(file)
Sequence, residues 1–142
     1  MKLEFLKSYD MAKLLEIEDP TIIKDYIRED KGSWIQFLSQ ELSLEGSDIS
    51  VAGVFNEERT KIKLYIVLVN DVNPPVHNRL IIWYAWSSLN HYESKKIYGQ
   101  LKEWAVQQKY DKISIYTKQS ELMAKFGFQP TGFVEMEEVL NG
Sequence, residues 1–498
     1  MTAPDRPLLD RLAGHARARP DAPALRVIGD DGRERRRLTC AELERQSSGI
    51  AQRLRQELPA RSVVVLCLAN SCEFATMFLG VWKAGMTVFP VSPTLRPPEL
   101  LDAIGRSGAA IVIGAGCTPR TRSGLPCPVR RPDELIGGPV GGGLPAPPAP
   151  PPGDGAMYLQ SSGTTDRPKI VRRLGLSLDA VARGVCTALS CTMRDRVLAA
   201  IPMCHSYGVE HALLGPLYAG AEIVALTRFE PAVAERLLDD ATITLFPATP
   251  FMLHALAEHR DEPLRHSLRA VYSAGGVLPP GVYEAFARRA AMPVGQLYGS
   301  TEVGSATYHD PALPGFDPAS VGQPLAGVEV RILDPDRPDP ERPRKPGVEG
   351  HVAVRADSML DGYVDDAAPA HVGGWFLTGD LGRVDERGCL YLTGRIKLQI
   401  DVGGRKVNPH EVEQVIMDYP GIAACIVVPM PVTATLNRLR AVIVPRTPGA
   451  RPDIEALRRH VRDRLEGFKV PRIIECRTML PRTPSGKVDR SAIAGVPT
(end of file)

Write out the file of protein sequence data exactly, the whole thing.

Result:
Sequence, residues 1–142
     1  MKLEFLKSYD MAKLLEIEDP TIIKDYIRED KGSWIQFLSQ ELSLEGSDIS
    51  VAGVFNEERT KIKLYIVLVN DVNPPVHNRL IIWYAWSSLN HYESKKIYGQ
   101  LKEWAVQQKY DKISIYTKQS ELMAKFGFQP TGFVEMEEVL NG
Sequence, residues 1–498
     1  MTAPDRPLLD RLAGHARARP DAPALRVIGD DGRERRRLTC AELERQSSGI
    51  AQRLRQELPA RSVVVLCLAN SCEFATMFLG VWKAGMTVFP VSPTLRPPEL
   101  LDAIGRSGAA IVIGAGCTPR TRSGLPCPVR RPDELIGGPV GGGLPAPPAP
   151  PPGDGAMYLQ SSGTTDRPKI VRRLGLSLDA VARGVCTALS CTMRDRVLAA
   201  IPMCHSYGVE HALLGPLYAG AEIVALTRFE PAVAERLLDD ATITLFPATP
   251  FMLHALAEHR DEPLRHSLRA VYSAGGVLPP GVYEAFARRA AMPVGQLYGS
   301  TEVGSATYHD PALPGFDPAS VGQPLAGVEV RILDPDRPDP ERPRKPGVEG
   351  HVAVRADSML DGYVDDAAPA HVGGWFLTGD LGRVDERGCL YLTGRIKLQI
   401  DVGGRKVNPH EVEQVIMDYP GIAACIVVPM PVTATLNRLR AVIVPRTPGA
   451  RPDIEALRRH VRDRLEGFKV PRIIECRTML PRTPSGKVDR SAIAGVPT